Since making it’s debut in April 2009, Kickstarted has fully-funded, through crowd sourcing, more that 100,000 projects! Kickstarter acts as a platform for inventors, creators and people with ideas to launch whatever it is they believe is worth it. I couldn’t believe the extent that Kickstarter decided the success or trajectory at stages of Matt’s process. There are obviously other ways to fund projects but when you can source thousands of pounds from people all over the world at the end of your fingertips via the internet, why wouldn’t you?! The power of the internet and its’ abilities and capabilities is just striking. People from all around the world offering tiny all the way up to massive sums of money to a stranger just because they quite like their idea. The limitless possibilities for design and designers, makers and creators, is quite incredible and truly inspiring. What is also incredible, is the scale at which it can destroy a project or an idea. Relying on people to back your idea based on a 2 minute video that you have to try and cram your years worth of work and research into to fully fun your life (up until now)’s work. We only really ever hear about the success stories, as if it’s a dead set way to fund your projects, but it was interesting to hear from Matt about his struggles which getting across the correct image to make people feel compelled to donate and his failed attempts. It just makes me wonder how many revolutionary, life-changing products and ideas have been given the wrong image and not evolved beyond their kickstarted campaign.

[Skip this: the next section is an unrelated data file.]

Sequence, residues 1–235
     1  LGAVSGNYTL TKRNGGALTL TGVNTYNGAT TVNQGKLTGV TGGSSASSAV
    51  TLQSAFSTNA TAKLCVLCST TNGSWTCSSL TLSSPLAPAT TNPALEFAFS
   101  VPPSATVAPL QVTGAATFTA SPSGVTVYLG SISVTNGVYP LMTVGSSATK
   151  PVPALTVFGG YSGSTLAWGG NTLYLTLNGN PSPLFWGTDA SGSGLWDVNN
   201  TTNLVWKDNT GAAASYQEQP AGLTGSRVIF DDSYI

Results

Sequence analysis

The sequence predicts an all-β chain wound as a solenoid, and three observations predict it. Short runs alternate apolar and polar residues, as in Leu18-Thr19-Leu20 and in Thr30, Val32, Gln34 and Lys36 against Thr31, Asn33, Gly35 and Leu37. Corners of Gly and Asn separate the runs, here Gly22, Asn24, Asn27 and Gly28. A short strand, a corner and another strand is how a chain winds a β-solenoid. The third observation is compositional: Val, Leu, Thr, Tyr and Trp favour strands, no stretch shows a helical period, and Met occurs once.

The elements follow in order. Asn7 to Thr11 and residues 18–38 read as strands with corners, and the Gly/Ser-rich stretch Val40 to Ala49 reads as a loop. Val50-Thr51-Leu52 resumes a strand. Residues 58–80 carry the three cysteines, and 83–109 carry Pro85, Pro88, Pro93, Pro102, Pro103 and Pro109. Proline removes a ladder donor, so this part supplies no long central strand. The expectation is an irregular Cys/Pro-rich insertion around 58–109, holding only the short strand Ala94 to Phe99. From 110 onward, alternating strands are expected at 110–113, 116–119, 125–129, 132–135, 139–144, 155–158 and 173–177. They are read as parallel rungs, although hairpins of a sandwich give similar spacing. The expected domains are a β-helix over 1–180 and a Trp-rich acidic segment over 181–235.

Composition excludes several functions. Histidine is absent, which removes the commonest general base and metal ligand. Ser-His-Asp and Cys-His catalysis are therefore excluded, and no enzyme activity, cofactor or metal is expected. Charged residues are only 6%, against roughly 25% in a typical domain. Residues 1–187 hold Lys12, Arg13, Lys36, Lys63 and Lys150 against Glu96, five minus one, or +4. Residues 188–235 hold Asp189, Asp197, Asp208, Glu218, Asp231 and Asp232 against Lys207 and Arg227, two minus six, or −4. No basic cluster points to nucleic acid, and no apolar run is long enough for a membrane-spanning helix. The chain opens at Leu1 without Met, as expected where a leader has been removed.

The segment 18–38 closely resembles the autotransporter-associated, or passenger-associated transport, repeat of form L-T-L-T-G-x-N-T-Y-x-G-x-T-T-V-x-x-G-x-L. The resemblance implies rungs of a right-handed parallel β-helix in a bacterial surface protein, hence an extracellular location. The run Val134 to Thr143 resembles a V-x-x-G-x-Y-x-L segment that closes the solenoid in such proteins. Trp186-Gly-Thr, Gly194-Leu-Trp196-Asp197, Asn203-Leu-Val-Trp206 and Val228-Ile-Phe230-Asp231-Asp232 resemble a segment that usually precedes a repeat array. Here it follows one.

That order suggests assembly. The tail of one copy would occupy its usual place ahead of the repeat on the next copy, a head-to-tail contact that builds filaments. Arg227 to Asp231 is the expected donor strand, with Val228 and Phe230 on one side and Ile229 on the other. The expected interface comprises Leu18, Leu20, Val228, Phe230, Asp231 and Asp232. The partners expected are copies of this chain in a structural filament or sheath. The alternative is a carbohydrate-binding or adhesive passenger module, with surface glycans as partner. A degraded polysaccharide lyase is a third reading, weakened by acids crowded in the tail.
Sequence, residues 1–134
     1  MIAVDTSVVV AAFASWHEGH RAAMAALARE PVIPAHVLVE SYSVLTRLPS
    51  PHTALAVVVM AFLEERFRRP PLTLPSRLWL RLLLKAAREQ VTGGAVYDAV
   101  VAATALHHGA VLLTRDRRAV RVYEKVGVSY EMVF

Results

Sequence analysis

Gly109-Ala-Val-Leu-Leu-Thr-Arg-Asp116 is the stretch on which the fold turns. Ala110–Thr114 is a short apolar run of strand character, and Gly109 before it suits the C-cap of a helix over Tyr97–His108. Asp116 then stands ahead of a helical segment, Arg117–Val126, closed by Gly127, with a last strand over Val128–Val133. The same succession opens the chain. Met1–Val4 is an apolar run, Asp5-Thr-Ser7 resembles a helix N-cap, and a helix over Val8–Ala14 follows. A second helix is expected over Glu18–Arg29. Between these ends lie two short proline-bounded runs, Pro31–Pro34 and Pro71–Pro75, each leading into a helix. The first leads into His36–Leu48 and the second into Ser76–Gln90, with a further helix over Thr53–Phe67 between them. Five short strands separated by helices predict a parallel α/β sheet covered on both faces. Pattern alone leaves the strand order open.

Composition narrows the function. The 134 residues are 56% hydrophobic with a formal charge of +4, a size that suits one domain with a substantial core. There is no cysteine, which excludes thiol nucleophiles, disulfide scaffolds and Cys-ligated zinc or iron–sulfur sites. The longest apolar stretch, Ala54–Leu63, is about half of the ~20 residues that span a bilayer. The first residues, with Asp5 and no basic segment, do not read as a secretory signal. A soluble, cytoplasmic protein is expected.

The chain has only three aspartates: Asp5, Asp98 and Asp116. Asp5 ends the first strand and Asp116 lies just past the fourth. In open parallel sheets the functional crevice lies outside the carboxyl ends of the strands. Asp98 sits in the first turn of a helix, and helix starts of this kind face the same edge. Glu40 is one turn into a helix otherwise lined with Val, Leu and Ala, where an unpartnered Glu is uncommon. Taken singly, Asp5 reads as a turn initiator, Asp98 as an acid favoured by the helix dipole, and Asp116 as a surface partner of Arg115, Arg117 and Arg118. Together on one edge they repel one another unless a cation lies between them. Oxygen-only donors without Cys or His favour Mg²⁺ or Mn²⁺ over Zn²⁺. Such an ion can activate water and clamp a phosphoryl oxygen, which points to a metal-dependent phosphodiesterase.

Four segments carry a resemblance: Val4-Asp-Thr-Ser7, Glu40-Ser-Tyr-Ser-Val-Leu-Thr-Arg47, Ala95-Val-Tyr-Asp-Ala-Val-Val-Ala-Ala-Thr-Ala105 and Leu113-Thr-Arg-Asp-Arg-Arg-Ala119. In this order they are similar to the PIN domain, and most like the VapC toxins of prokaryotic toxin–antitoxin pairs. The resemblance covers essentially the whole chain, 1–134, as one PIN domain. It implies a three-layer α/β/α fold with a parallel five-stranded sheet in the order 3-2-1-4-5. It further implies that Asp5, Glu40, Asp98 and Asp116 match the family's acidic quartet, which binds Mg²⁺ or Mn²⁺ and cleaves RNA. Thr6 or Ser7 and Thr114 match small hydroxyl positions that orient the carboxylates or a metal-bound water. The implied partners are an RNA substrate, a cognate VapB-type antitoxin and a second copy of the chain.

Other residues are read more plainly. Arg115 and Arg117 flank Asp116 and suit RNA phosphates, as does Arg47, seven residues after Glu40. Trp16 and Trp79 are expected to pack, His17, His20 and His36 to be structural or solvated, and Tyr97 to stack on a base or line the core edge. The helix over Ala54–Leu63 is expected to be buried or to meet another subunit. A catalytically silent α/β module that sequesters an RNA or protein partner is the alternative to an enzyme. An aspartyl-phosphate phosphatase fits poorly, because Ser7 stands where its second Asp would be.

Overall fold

D&T 8 : the influence and impact of design

Nicholas Oddy, Head of Department of Design History and Theory at GSA, spoke to us about some great design icons and their background. 

In conducting a whistle-stop tour of some iconic pieces of design from the last few centuries, Oddy provided interesting insights regarding everything from how the design came about to what future designs it inspired. The Forth Rail Bridge, the Model T Forde, the British road signs, for example, are all familiar, but his encyclopaedic knowledge of their context showed them in a new light. 

Oddy highlighted that design is a reaction, it has a motive, and it causes effects. I’ll look at some examples of this here. 

The Forth Rail Bridge (1882) subscribes to a modernist design discourse as its beauty is established through engineering, not decoration. However in reality it is perhaps over-engineered, it was created as a symbol of strength to restore confidence in British civil engineering in the wake of the Tay Bridge disaster a few years earlier. So the cantilever bridge we know today, and is plastered all over our bank notes and post cards, could have looked very different if it weren’t for the social motives behind the design.